P30 Vision Research Core
Biostatistics for Eye and Vision Research
Laurel Stell, PhD, is in the Department of Biomedical Data Science, but Ophthalmology is funding part of her salary to provide biostatistical support for its clinical and laboratory research. She has extensive experience in statistical modelling (developing predictors or classifiers), inference, and multiple hypothesis testing; but she can assist in many types of analyses. She is particularly adept at manipulating and visualizing data to discover general patterns and highlight interesting features and relationships—or perhaps errors. Furthermore, she can help guide your research approach before you even have data.
To arrange a meeting to discuss how Laurel can help with your project, please fill in the consultation request form. Due to her other commitments outside of Ophthalmology, it is best to allow plenty of time for her to fit your analysis into her queue. You should also consider whether any of the resources listed below are more appropriate, depending upon your needs and affiliations. If you have funding or would like to include a biostatician on a grant, that will also affect your options.
Other Biostatistics Resources
The Quantitative Sciences Unit (QSU) is a collaborative statistics unit in the Biomedical Informatics Research (BMIR) Division in the Department of Medicine. They do not have an arrangement with Ophthalmology, but they do have arrangements with Stanford Cancer Institute (SCI), Child Health Research Institute (CHRI, including applicants for their grants), and several other centers do. For an up-to-date list, see the QSU Project Initiation Form (about a third of the way down).
The Department of Biomedical Data Science (DBDS) provides free time-limited consultation to investigators in the School of Medicine. It also collaborates on longer term projects with other departments. In particular, if you are designing a clinical trial, you should request a consultation with DBDS. For more information about DBDS services, click here.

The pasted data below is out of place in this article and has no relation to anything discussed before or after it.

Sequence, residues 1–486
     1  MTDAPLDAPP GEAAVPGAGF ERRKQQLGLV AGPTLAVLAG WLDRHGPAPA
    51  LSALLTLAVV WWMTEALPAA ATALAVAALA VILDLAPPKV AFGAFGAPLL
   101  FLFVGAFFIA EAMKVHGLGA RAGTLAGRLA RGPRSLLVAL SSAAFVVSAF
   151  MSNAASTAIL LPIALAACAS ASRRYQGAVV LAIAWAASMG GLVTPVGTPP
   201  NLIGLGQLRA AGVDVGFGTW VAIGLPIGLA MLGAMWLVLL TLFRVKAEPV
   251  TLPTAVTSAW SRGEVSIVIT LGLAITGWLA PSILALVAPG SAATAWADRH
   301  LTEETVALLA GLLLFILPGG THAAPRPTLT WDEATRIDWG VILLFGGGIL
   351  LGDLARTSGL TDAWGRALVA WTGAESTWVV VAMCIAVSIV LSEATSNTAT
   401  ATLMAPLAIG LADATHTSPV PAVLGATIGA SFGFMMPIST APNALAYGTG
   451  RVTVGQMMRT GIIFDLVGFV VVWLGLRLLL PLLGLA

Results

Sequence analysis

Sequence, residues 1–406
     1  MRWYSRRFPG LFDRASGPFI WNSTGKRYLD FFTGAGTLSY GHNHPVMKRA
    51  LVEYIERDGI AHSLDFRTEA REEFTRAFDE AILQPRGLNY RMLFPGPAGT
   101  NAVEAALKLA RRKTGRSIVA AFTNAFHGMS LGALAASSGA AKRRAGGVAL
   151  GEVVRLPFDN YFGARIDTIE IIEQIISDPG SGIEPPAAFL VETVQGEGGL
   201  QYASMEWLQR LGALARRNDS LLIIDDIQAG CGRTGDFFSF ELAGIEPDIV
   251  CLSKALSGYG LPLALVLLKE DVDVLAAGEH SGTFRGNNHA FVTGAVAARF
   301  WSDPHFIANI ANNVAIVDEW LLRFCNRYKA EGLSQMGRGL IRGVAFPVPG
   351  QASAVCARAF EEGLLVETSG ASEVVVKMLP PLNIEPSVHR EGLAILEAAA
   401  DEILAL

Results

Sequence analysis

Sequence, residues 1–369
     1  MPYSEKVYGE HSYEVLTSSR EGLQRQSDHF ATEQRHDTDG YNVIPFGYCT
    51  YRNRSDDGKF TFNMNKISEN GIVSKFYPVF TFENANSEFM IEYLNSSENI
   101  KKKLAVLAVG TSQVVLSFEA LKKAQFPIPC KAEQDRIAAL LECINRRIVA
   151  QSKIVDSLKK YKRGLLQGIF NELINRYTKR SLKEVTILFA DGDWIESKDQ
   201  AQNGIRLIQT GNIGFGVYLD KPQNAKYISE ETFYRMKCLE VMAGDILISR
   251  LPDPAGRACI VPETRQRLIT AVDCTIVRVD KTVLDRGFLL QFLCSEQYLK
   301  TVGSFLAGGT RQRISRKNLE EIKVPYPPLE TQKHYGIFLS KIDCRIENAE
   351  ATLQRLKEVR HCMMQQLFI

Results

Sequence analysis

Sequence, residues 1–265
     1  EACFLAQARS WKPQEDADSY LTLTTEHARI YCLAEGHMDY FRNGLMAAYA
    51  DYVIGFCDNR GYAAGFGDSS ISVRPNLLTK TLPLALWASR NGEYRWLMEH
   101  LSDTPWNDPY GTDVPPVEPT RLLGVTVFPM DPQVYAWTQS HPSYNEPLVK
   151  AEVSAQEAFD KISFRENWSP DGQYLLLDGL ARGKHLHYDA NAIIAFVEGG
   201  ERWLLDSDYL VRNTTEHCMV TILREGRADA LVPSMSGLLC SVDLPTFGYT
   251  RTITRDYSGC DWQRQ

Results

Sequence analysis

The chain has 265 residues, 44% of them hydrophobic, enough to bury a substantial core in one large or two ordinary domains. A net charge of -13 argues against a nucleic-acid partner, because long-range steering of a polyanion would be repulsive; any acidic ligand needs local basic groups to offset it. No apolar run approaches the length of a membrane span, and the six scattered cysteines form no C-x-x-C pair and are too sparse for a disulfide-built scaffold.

Data Studio is a collaboration between Spectrum (The Stanford Center for Clinical and Translational Research and Education) and DBDS. Its fundamental goal is to foster dialog between statisticians/data scientists and researchers in clinics and laboratories. Data Studio meets weekly during the fall, winter, and spring quarters. One session per month is drop-in consulting. Most sessions, however, consist of an extensive and in-depth consultation for a Medical School researcher.
Bioinformatics and Omics Resources
Bogdan Tanasa, MD, PhD, collaborates with the faculty in the Department of Ophthalmology on the bioinformatics analysis of the genomics datasets. His expertise is in integrative genomics and in the computational analysis of a large variety of HT-seq technologies (including ChIP-seq, RNA-seq, ATAC-seq, GRO-seq/PRO-seq, 4C, 5C, HiC, WES (whole exome sequencing), WGS (whole genome sequencing). His Stanford email account is bogdan.tanasa.
More About Bioinformatic Analysis
As with "biostatistics", the term "bioinformatics" is very broad, encompassing many different areas of expertise. The remainder of this section gives a high level overview of some of the relevant domains and resources.
The first step in omics research is to collect samples and perform laboratory work. This might involve sequencing, which can be done by the Genome Sequencing Service Center (GSSC) or the Stanford Functional Genomics Facility (SFGF) (which also provides microarray services). The resulting FASTQ files must be aligned to a reference genome and then quantified in some way. This is one of Dr. Tanasa's areas of expertise, and the Genetics Bioinformatics Service Center (GBSC) also does this. These Stanford service centers and facilities are fee-based, whereas Dr. Tanasa is employed by Ophthalmology.